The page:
Placement of the speakers in my main listening room, which is 24’ long by 12’ wide, proved to be a matter of finding a spot that provided the right combination of soundstage depth and bass weight and extension. My instinct when I set any speakers up in my listening room is to place them at least five feet from the front wall, which gives a greater sense of depth, perhaps because I’m sitting closer to the speakers, but doing this with the Proklaim IIs made the bass sound less powerful than I thought it should. So I moved the speakers back and more toward the corners, which reinforced the bass but lessened the sense of depth. Eventually I ended up with the speakers not quite four feet from the front wall, a foot and a half from the side walls, and toed in so they fired to the inside of my shoulders. This gave plenty of bass "whomp" and sparkle on top while throwing a truly impressive soundstage.

One note about coupling these speakers to their stands: The Proklaim IIs are very heavy, and the bottom of each speaker is not smooth like the rest of the cabinet (the cabinets are probably poured into their molds from the bottom, which you won’t see anyway). Consequently, using Fun-Tak in an attempt to couple the speakers to the stands was not the ticket because it would not adhere to the speaker bottoms and was pressed very thin because of the weight of the speakers. So I used single sheets of toilet paper to couple speakers and stands (tissue would work too, I suspect), and this worked better than simply resting the speakers on the stands’ metal crossbars.


Once the Proklaim IIs were placed on their stands and spiked, it was not difficult to become lost in the sound they produced. Music flows from these speakers with plenty of detail and ease. "Sweetly focused" sits prominently at the top of my listening notes, and after months of listening to music with these speakers, my initial assessment has not changed.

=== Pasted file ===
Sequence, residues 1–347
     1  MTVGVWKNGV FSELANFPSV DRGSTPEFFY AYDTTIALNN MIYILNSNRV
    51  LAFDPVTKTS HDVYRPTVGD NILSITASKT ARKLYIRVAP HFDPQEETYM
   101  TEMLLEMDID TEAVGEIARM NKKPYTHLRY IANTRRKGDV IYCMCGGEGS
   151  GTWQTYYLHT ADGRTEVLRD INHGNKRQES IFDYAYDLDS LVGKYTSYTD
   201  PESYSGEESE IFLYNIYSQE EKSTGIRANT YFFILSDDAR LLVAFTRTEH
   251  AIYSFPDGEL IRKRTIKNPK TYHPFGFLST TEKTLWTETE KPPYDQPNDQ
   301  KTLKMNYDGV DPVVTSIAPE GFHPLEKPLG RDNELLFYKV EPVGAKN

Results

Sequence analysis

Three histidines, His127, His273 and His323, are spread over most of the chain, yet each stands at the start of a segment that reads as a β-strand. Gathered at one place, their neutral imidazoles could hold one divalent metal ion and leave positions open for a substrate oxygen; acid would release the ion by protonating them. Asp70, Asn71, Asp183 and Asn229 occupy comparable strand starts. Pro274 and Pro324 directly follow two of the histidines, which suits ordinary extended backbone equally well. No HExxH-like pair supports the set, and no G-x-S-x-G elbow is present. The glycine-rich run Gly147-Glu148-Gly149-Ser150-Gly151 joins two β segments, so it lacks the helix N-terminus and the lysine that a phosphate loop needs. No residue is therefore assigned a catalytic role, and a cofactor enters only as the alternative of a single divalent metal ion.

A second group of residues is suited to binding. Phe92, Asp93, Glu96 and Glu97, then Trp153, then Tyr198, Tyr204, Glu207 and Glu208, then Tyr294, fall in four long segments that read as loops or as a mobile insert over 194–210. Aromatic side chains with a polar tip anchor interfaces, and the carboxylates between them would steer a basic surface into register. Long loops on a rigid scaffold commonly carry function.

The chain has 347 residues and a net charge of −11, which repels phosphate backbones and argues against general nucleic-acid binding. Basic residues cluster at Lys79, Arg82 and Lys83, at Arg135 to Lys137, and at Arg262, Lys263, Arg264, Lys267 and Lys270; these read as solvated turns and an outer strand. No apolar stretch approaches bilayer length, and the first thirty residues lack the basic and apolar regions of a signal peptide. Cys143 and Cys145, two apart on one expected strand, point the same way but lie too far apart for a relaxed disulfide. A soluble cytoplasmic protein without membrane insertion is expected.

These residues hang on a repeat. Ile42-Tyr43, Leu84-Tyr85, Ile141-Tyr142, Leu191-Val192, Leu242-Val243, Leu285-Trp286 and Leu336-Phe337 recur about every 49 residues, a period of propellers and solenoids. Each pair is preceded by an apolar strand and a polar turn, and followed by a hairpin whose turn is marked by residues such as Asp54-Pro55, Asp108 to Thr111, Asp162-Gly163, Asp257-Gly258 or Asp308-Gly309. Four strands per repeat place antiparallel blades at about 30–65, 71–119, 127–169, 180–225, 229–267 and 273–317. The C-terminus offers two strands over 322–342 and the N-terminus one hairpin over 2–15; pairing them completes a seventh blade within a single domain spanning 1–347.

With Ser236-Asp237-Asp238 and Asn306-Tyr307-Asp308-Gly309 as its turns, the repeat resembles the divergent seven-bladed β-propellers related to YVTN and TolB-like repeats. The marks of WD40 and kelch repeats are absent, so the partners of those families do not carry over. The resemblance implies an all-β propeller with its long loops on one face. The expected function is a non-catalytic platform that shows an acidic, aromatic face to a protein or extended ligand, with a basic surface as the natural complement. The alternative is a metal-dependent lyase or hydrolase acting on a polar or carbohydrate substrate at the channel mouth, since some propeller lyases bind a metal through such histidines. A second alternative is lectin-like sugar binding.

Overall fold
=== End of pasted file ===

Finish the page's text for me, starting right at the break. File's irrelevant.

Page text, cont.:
In no region of the Proklaim IIs’ sound is the sweetness and focus more prominent than the treble. The ceramic-dome tweeter reproduces cymbals and other instruments with lustrous overtone with wonderful delicacy -- never with unnatural steeliness but rather with characteristic "ting" and whisper-like decay. The scale of these elements was always right too, small gestures retaining proper proportion alongside larger, and louder, sounds. Ani Difranco’s Up Up Up Up Up Up Up [Righteous Babe RBR013-D] was one of the staple recordings for our blind-listening test conducted at the NRC, and with the Proklaim IIs, the plucked strings of "I’m Not Angry Anymore," which I heard dozens of times in Canada, were just right -- softly played but with plenty of sheen and twang. And Difranco’s voice, when she lets go, just cut through the serenity of the playing like a flashlight’s beam in a dark closet. This was some great listening with the Proklaim IIs, even though it was music I’d heard over and over again.

The Proklaim II’s tweeter also helped in the display of two other strengths of the speakers: soundstaging and retrieval of ambience. These speakers throw a terrifically spacious soundstage, one that bristles with strongly drawn image outlines and lots of space and air. Up Up Up Up Up Up Up, once again, has some diverse placement of musicians and Difranco herself. On "Everest," Difranco is singing in the left channel, and throughout the song, it’s very easy to pick out instruments a few inches or feet left or right of center or to the extreme outside. In fact, even though the Proklaim IIs were placed less than two feet from the side walls in my listening room, they easy cast images outside of their placement, Los Lobos’ Kiko [Slash/Warner Brothers 9 26786-2] having some very good examples of this.

Proportion is obvious in terms of the Proklaim IIs tonality. These are very even-sounding speakers, extraordinarily so. You won’t hear this speaker and say it’s rich or light, analytical or musical, resolving or graceful. It’s all of these, and the delicate balance of essentially all musical attributes is the Proklaim II’s greatest accomplishment. I’ve mentioned a few of Greg Brown’s discs in my reviews, and his chesty baritone was less noticeable over the Proklaim IIs, which, once again, walk the line so nimbly that it’s easy to forget about the sonic particulars and audio equipment and get lost in the music. I remember listening to Brown’s Slant Six Mind [Red House RHR CD 98] all the way though, noting the less chesty quality of Brown’s voice at the beginning of the first track (which is the job of a reviewer) and then not caring about it after that. Audio apathy is a very good thing.